When it comes to medical treatment, we most often think sick people; it just doesn’t make sense why a healthy person would want to pay for drug they don’t need. But a new study out of Johns Hopkins University presents a compelling argument for why healthy people are a large, overlooked potential market for medical innovations.

“Companies are inclined to make drugs for the diseases that make the largest numbers of people sick,” said Nicholas W. Papageorge, assistant professor of economics at Johns Hopkins, in a statement. “But we say, think about all the people who could get sick — they are willing to pay a lot for the option of having a drug if they need it.”

The paper, published in the Review of Economic Studies by Papageorge and his co-authors, refers to a critical moment in pharmaceutical history to present the case. In 1996, the life-saving antiretroviral drugs known as HAART (highly active antiretroviral therapy) transformed the fight against HIV from what was essentially a death sentence into a fairly manageable chronic condition. The researchers found HAART was valuable not only to those who were HIV-positive, but to a large pool of uninfected people who feared becoming infected in the future.

The study expands this idea to other medical technologies, suggesting there is a hidden demand for other underdeveloped drugs. Analysis of this demand could help institutions more effectively allocate research dollars to developing treatments that would help the most people.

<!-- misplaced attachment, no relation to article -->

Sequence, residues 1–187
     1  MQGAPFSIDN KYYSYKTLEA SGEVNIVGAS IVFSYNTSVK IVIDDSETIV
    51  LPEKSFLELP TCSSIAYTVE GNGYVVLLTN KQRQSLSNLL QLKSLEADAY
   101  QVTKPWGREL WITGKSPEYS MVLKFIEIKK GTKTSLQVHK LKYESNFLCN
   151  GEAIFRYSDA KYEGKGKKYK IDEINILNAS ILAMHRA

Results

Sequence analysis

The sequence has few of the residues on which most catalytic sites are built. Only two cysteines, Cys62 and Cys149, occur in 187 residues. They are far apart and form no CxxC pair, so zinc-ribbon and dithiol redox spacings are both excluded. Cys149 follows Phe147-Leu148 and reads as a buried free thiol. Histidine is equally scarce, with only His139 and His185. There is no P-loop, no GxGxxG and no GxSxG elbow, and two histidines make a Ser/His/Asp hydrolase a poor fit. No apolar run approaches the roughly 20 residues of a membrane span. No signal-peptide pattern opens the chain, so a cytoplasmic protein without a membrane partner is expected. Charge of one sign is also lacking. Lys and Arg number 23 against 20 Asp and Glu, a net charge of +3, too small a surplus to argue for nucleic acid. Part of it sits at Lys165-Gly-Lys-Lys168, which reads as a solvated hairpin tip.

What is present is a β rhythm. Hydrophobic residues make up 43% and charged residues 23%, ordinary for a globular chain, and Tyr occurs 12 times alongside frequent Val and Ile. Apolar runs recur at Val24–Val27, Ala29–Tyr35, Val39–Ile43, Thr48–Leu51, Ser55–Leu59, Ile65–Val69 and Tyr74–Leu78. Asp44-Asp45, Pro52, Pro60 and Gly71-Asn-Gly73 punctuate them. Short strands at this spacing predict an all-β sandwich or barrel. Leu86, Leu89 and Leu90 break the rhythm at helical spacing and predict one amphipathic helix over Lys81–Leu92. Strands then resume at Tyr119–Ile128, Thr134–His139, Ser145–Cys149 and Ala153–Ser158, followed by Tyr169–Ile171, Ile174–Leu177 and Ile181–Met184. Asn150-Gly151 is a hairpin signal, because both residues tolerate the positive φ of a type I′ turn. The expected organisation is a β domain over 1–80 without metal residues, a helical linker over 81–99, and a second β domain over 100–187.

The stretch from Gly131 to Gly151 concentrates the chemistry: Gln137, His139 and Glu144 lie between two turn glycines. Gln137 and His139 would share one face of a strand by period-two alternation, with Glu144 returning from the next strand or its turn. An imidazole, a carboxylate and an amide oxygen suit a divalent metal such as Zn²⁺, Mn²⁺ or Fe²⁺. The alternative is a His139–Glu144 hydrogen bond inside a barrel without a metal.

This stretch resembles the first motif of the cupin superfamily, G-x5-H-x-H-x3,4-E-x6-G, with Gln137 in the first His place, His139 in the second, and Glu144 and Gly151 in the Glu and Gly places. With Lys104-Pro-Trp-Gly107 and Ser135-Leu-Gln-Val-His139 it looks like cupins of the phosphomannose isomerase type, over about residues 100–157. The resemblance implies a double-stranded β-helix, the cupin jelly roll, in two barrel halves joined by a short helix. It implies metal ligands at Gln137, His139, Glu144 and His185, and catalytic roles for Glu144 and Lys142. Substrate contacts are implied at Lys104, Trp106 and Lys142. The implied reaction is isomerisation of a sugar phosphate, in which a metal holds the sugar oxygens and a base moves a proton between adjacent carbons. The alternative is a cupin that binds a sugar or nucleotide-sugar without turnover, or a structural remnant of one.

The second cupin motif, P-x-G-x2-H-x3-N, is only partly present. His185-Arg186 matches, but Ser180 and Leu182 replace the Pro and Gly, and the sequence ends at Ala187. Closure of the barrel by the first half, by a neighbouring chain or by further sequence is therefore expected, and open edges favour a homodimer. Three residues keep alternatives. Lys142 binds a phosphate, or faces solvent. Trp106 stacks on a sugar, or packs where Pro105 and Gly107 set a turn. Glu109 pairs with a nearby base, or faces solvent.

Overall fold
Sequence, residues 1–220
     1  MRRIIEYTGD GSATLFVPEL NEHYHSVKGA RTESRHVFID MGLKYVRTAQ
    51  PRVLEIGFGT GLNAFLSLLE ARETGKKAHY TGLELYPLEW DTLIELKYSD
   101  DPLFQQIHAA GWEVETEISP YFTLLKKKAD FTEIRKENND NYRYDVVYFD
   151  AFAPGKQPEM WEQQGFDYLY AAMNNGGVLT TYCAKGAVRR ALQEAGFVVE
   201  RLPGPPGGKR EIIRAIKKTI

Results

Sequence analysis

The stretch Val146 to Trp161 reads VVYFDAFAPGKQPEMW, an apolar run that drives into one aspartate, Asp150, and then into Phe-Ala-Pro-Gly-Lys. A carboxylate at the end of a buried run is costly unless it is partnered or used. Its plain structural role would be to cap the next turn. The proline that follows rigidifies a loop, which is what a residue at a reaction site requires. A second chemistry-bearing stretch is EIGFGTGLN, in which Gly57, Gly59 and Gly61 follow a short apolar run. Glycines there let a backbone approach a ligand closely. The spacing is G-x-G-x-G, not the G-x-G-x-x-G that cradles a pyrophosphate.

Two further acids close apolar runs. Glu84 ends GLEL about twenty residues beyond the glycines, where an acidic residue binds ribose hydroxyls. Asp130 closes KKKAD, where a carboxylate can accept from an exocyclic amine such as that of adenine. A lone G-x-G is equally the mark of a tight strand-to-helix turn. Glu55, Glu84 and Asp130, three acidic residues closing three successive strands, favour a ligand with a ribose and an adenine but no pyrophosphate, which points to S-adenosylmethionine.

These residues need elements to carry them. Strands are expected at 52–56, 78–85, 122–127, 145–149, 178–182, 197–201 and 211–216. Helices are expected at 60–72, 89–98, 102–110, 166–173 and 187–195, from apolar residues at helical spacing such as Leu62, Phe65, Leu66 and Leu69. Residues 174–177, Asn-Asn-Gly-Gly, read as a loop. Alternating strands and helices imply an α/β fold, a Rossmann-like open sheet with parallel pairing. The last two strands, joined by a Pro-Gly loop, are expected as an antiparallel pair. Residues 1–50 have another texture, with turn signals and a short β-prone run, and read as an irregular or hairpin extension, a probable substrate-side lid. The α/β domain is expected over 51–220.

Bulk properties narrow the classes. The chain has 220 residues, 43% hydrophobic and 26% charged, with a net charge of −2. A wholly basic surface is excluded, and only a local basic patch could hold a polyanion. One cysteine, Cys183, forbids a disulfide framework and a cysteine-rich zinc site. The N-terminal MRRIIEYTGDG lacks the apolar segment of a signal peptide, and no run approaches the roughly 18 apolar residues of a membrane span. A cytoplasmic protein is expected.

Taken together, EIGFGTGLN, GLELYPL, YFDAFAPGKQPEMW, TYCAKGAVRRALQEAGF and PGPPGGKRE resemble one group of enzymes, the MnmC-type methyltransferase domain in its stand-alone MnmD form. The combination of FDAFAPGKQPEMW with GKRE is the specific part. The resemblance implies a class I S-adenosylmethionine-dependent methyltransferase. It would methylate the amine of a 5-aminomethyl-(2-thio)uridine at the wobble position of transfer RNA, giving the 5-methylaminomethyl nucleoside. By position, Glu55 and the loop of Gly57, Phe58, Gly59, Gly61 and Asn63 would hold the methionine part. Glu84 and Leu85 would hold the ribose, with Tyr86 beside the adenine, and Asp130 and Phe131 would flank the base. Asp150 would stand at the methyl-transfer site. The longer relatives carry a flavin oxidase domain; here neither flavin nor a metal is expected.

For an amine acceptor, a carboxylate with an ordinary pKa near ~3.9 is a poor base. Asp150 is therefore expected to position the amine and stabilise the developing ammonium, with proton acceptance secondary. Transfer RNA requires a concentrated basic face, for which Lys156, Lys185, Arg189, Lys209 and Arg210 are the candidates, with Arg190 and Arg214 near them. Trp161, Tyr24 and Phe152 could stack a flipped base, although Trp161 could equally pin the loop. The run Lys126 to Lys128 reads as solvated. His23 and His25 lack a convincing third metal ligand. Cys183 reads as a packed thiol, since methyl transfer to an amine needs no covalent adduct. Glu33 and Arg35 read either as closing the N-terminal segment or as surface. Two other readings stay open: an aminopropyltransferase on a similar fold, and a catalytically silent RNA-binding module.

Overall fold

Analyzing the data on who was interested in HAART as it was introduced, the researchers found uninfected individuals wanted the drug to be available if they should ever need it — almost like an insurance policy.

“Anytime there’s a disease where people suspect there’s some probability they might get it, they would be willing to pay to find a treatment,” Papageorge said. “I would be willing to pay for an Alzheimer’s drug or dementia drug or maybe something for colon cancer because there’s some chance I might one day need it.”

The team also used their model to look at how much individuals would value a hypothetical HIV vaccine, and determined it would obviously benefit uninfected people — they could go on with their lives without fear of infection. It would also, more subtly, benefit those already infected with HIV because it would disinhibit uninfected people, therefore giving HIV-positive people more opportunities to find sexual partners.

“The result,” Papageorge said, “hinges on the often-overlooked idea in medical literature that while risky behavior might have negative long-term health consequences, it can be enjoyable and therefore valuable, and this should be taken into account when we want to understand the value of new medicines.”

Source: Chan T, Hamilton B, Papageorge N. Health, Risky Behavior and the Value of Medical Innovation for Infectious Disease. Review of Economic Studies. 2015.